This week I will be delving into the world of Beaujolais and the Land of Fleurie. One of the 10 Crus of Beaujolais.
Fleurie has always been my favorite Cru Beaujolais. Such a cool word too. Fleurie. Fleuuurie. See?

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Outside of Morgon, Fleurie appears to have the greatest concentration of good producers throughout the 10 Crus of Beaujolais. And with particularly fine terroir, Fleurie is a great source of Cru Beaujolais. “Fleur,” of course, means “flower” in French, and indeed the wines of Fleurie are characterized by a distinct floral note – think violets.
The many excellent producers include Sunier, Dutraive, Domaine de Vissoux (Chermette), and Clos de la Roilette (Coudert). One of my very favorite producers is Chignard, who works exclusively in a plot of Fleurie that abuts Moulin-a-Vent, and the result is a very distinct, very mineral wine that drinks well young but also ages beautifully.
The winemaker, Yan Bertrand, is achieving quite a clut following and is every bit a Rockstar in the wine world. (I mean just check out the hair!)
Growing up in Fleurie, Yann Bertrand never thought he would become a winemaker. He briefly enrolled in commerce at a local university, and then travelled around the French Alps for a few years. When applying for local jobs, he noted that he was the son of a vigneron, and soon found himself working at wine bars and wine shops, surrounded by passionate wine geeks and artisan winemakers who often came to deliver wine themselves. Tasting wines in a new way, he began to ask himself some questions, and eventually decided that the metier of a winemaker would be interesting to him if he pursued it with the same passion as the role models he encountered.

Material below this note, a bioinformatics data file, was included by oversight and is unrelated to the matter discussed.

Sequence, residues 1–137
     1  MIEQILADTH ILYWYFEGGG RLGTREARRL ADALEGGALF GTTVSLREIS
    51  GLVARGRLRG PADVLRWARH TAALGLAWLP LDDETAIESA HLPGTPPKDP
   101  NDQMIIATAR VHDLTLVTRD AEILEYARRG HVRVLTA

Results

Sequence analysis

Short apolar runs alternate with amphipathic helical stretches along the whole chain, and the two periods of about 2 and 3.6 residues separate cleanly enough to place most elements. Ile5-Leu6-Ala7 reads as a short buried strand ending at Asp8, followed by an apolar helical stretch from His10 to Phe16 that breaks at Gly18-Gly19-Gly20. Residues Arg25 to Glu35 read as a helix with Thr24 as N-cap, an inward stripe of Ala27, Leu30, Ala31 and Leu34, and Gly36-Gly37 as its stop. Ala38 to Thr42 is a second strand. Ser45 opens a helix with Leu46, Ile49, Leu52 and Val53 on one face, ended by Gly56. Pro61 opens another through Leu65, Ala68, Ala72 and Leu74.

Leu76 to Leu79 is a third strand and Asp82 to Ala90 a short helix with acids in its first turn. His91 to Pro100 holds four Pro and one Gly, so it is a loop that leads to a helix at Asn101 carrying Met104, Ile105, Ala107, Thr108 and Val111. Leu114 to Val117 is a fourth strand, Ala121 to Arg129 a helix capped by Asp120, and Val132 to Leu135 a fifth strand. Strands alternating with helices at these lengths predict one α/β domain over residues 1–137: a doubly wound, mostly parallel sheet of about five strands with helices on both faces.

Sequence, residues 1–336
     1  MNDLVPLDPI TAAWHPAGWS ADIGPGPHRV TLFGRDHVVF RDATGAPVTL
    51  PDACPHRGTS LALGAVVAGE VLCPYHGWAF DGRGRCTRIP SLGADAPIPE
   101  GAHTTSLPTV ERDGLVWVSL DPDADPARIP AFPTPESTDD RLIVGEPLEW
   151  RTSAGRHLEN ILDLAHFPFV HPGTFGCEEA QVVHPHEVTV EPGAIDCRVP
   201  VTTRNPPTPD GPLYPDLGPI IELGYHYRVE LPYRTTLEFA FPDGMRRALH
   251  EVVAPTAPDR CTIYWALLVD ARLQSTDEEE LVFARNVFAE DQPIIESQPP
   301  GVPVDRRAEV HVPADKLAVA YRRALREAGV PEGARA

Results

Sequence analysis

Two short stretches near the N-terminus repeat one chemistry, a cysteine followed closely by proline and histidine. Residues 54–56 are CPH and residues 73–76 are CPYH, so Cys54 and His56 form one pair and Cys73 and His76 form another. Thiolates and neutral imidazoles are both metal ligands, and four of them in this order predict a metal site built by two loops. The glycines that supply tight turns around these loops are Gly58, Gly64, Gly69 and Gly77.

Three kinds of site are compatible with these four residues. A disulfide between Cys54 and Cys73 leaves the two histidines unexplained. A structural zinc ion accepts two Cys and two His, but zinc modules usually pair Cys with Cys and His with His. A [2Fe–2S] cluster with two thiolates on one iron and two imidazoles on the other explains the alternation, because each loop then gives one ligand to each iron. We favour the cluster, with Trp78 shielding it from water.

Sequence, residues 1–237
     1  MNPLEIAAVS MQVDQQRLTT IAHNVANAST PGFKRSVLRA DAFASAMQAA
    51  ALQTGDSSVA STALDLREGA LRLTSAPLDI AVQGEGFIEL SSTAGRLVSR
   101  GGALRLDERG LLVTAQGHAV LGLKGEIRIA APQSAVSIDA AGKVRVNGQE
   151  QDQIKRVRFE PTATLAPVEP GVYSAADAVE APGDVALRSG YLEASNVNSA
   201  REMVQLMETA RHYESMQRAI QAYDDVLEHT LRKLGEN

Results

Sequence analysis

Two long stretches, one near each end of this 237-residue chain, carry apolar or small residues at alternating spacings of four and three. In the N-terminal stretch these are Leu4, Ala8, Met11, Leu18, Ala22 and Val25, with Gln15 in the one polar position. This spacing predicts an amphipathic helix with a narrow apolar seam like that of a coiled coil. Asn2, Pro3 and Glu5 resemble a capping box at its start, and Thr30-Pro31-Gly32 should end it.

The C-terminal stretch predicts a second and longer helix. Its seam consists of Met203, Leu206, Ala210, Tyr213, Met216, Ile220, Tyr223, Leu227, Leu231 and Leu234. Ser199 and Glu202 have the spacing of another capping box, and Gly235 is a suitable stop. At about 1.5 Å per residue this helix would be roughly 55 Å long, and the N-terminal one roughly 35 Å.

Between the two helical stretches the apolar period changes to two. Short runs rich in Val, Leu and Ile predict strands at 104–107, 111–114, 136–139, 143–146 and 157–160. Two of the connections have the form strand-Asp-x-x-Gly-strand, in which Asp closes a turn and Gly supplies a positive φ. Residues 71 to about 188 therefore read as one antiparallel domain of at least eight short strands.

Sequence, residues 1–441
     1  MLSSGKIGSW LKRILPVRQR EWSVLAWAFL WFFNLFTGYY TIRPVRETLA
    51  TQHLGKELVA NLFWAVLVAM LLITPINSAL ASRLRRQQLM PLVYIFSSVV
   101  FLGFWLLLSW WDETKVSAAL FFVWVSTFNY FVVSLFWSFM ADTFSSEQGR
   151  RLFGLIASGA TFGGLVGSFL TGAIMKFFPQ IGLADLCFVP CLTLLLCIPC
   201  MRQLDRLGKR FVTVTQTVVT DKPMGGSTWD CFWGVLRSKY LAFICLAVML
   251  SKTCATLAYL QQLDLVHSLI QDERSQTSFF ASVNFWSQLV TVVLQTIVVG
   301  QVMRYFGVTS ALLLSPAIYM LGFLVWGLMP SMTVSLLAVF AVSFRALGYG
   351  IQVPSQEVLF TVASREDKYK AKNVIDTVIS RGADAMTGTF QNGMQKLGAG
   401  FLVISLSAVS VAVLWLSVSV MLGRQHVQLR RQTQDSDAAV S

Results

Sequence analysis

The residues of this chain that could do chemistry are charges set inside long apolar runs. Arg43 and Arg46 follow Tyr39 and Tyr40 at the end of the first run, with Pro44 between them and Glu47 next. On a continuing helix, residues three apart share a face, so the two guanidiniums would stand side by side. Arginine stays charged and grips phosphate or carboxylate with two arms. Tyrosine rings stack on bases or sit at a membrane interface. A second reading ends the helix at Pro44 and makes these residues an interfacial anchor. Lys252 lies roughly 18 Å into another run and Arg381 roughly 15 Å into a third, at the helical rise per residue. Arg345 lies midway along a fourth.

Returning to the Beaujolais, Yann began to learn from the incredible circle of producers that he never knew before – including well known people like Jean Foillard and Yvon Metras, and also the behind-the-scenes guru Jacques Néauport (who was the quiet right-hand to the legendary Jules Chauvet). The entire Domaine of Famille Bertrand encompasses one 7.5 hectare vineyard which is mostly in Fleurie with a bit over the line in Morgon, and has vineyards are between 30 and 110 years old. His parents had been slowly moving in the direction of organic viticulture since they took over the family domaine in 1992, and in 2013, the entire vineyard was certified organic. Additionally, Yann took on 1.5 hectares to farm on his own using biodynamic principles and created two new cuvées d’exception made in the neo-Beaujolais style of his well-known neighbors.
On to the Wine!

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Variety: 100% Gamay
Vineyard name: Grand Pré​
Age: 60 years +​
Size: 1.10 hectares (3 acres) ​
Terroir: Granitic Sand​

 

Vinification: Cold carbonic maceration between 10-12ºC for 20-25 days. Native yeast, with no sulfur added. ​

Elevage: 7-9 months in 250L barrels, which are at least 10 years old, both red and white. Racked by gravity. Bottled unfiltered by gravity following the lunar calendar. ​

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Beautiful Red color, a bit on the darker side for Beaujolais but still nice clarity. Strawberries, cherries, and raspberry on the nose mixed with a good dose of floral & funk. On the palate this wine gushes with intense, bright, juicy red fruit and mouthwatering acidity. Straight up candy for adults. It brings a decent bit of tannic structure, while still remaining lighter to mid-weight with a long and fairly complex finish (I get a pleasant minerality). Such a delight!

What a food wine! This baby will rock with the Thankgiving or Chrismas dinner, pairing well with a wide variety of foods. This wine definitely should be decanted though. I tried it first through a coravin and liked it, but really loved it when I tasted the same bottle two weeks later. So much more fruit and non-fruit character came through.

The only bummer about this wine is the price tag. A bit high for Beaujolais, but damn it’s worth it. I could drink this every day of my life I think.
Beau Leacroy
AGM The Tasting Room-Uptown Park